It was a weird feeling last July when the Detroit Tigers saw a parade of quality pitching prospects come to the organization instead of being traded away, but the team was wise to recover some of the prospect depth that had been lost in recent years. While pitchers like Daniel Norris and Matt Boyd made their Tiger debuts shortly after being acquired, Michael Fulmer finished the season with the SeaWolves in Double-A Erie after being traded by the Mets. Fulmer had his best season in his career in 2015 and was named Pitcher of the Year in the Eastern League. He was ranked among the top 100 players on most major prospect lists during the offseason, and is regarded as the top prospect in the Tigers' organization.
While some were hoping for Fulmer to join the Tigers to begin the year, he started the season in Triple-A Toledo, waiting for an opportunity to open in Detroit. Fulmer will get the chance to make his major league debut on Friday after making three starts for the Mud Hens in 2016. He has pitched 15 1/3 innings with a 4.11 ERA and 1.37 WHIP this season, tallying 20 strikeouts to go with five walks. He struggled a bit in his most recent start, allowing six runs and three homers in 4 1/3 innings.
A solid repertoire
Fulmer uses a mix of four pitches, but everything begins with the fastball. He saw an uptick in velocity with the pitch last season, as his average landed in the mid-90s with the high-mark around 97 miles per hour. Fulmer also possesses a quality slider, which serves as his best swing-and-miss option. His improved command is evidenced by the pitch’s sharp, downward action, and he has shown an ability to throw it for strikes. Fulmer features a curveball as well, which does have some break on it, but does not grade out as anything more than average. His fourth pitch is a changeup, which most scouts still see as a weakness and an area for development.
Below is an example of how Fulmer likes to use his slider, breaking down at the bottom of the zone. He typically throws the pitch around 86-88 mph and does a good job of utilizing it with two strikes.
Finally breaking out
Though Fulmer looked very impressive last season, it was really the first time that he started to show his potential. He dealt with injuries in both 2013 and 2014, struggling through problems with his elbow and his knee. While Fulmer posted ERA and FIP marks under 4.00 in both seasons while with the Mets’ high Single-A team, he was not inspiring much confidence because of concerns with his longevity. As a result, many saw his future as good but not great and pegged him as a bullpen piece.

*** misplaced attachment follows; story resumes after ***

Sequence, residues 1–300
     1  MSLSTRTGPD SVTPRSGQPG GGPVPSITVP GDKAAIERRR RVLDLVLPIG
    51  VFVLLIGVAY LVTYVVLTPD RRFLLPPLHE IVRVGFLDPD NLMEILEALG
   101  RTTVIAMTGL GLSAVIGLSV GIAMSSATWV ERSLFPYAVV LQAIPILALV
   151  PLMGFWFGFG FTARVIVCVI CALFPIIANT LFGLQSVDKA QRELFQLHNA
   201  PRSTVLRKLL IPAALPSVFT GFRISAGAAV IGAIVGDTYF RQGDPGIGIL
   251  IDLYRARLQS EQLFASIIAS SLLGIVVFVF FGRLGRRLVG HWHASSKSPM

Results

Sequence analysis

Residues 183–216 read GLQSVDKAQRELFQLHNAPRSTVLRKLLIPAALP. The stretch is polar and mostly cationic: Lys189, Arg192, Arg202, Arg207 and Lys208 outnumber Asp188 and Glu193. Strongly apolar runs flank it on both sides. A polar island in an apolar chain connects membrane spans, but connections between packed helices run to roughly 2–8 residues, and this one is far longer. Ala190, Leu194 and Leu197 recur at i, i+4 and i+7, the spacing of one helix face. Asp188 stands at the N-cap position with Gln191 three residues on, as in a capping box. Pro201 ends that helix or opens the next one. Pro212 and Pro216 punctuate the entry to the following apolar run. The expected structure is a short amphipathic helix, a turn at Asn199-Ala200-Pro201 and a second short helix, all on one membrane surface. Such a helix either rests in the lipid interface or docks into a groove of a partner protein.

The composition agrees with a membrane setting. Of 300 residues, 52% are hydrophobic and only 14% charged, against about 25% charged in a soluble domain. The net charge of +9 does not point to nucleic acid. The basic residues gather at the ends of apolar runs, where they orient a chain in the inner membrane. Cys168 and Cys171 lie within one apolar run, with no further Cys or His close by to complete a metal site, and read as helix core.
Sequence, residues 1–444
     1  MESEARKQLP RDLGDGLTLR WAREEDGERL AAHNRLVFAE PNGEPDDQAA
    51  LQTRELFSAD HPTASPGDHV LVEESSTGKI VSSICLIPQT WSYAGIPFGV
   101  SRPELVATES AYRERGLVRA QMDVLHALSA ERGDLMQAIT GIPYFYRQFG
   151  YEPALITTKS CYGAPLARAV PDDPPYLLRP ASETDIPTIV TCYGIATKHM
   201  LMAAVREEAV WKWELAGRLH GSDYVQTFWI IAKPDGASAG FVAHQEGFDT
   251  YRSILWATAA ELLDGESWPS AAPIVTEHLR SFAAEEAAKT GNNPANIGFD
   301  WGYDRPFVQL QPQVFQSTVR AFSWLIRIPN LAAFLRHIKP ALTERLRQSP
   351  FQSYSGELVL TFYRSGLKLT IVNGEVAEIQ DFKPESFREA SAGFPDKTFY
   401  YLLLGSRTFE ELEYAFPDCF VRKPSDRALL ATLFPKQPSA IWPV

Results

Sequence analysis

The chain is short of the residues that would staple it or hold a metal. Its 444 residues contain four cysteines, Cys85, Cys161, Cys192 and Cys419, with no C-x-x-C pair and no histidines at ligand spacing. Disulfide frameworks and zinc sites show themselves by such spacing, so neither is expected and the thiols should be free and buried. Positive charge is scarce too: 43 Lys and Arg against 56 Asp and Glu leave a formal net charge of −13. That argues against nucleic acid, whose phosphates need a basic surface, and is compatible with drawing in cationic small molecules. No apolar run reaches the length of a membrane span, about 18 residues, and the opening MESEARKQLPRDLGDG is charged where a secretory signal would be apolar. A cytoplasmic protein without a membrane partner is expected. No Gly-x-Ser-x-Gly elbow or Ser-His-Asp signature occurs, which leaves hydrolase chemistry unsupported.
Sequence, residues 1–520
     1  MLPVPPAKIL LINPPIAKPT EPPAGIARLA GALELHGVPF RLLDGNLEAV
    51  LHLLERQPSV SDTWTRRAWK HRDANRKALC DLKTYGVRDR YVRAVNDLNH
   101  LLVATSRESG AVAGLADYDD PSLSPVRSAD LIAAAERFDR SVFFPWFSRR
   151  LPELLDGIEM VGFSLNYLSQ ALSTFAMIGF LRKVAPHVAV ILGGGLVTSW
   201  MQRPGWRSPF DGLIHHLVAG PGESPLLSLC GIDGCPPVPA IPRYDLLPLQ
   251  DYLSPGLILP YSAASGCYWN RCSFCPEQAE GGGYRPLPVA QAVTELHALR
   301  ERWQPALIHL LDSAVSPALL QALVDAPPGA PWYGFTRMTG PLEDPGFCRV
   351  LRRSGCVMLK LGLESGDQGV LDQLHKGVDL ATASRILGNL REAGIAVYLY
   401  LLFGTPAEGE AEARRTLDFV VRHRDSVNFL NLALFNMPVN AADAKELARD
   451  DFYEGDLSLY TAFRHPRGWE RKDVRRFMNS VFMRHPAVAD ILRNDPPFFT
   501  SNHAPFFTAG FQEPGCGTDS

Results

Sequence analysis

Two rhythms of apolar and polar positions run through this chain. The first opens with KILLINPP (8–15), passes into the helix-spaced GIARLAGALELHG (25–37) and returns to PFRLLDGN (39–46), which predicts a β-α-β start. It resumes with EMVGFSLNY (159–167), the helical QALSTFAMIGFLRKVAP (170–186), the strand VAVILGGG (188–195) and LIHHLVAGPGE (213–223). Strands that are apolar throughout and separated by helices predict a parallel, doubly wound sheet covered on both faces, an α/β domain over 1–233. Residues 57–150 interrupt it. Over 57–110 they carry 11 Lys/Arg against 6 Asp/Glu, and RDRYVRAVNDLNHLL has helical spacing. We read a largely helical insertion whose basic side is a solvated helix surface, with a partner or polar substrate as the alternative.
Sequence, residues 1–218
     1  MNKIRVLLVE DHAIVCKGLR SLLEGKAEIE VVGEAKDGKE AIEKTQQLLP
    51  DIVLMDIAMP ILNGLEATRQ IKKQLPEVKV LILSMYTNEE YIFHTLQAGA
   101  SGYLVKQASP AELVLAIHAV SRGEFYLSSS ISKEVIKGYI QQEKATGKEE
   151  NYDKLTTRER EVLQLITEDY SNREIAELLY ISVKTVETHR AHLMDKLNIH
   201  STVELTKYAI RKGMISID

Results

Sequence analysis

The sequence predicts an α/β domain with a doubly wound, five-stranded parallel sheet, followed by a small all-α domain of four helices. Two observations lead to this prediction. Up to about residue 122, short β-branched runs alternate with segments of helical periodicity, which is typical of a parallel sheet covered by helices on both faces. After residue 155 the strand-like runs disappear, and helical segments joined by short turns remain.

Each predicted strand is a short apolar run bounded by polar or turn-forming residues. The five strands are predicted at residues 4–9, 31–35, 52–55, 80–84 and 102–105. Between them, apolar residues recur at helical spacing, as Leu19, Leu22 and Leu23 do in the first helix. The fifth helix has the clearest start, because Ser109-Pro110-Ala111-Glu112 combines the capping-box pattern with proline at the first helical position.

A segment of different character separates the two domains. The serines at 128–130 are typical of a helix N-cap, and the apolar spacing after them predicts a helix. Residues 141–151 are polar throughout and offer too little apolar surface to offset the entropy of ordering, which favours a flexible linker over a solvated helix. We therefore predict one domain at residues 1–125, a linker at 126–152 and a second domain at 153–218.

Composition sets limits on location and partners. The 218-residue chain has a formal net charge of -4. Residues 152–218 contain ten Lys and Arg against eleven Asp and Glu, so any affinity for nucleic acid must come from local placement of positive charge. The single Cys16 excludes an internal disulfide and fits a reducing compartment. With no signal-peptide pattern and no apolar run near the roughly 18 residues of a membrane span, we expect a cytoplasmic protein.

However, Fulmer made significant strides last season as he was finally healthy. He pitched a total of 117 2/3 innings between the Mets’ and Tigers’ Double-A teams in 2015 and kept batters hitting under .230. He averaged about a strikeout per inning and he walked around 2.3 batters per nine, both career bests. Fulmer posted a 2.84 ERA and 3.49 FIP before the trade and a 1.88 ERA and 2.63 FIP with the SeaWolves.
Like any pitcher making his major league debut, expectations should be tempered for Fulmer’s start on Friday. He has seen mixed results early on this season, but he does have the potential to generate strikeouts and keep hitters off balance. John Sickels suggests keeping an eye on his off-speed pitches which will likely determine his success. Fulmer’s stay in Detroit may be short this time around, but expect to see him again at some point this season.
The jury is still out regarding Fulmer's long-term future. Writers at Baseball Prospectus and FanGraphs still believe that he may end up in the bullpen, but the Tigers will give him every opportunity to start. The biggest questions revolve around his health and if his injury issues are behind him or not. He will also need to prove that the progress he displayed in 2015 was not just a fluke, and he will hopefully continue to improve both his durability and his command. If Fulmer can to booster his secondary pitches while also handling a full workload, there is no reason that he cannot be a key part of the Tigers' rotation going forward.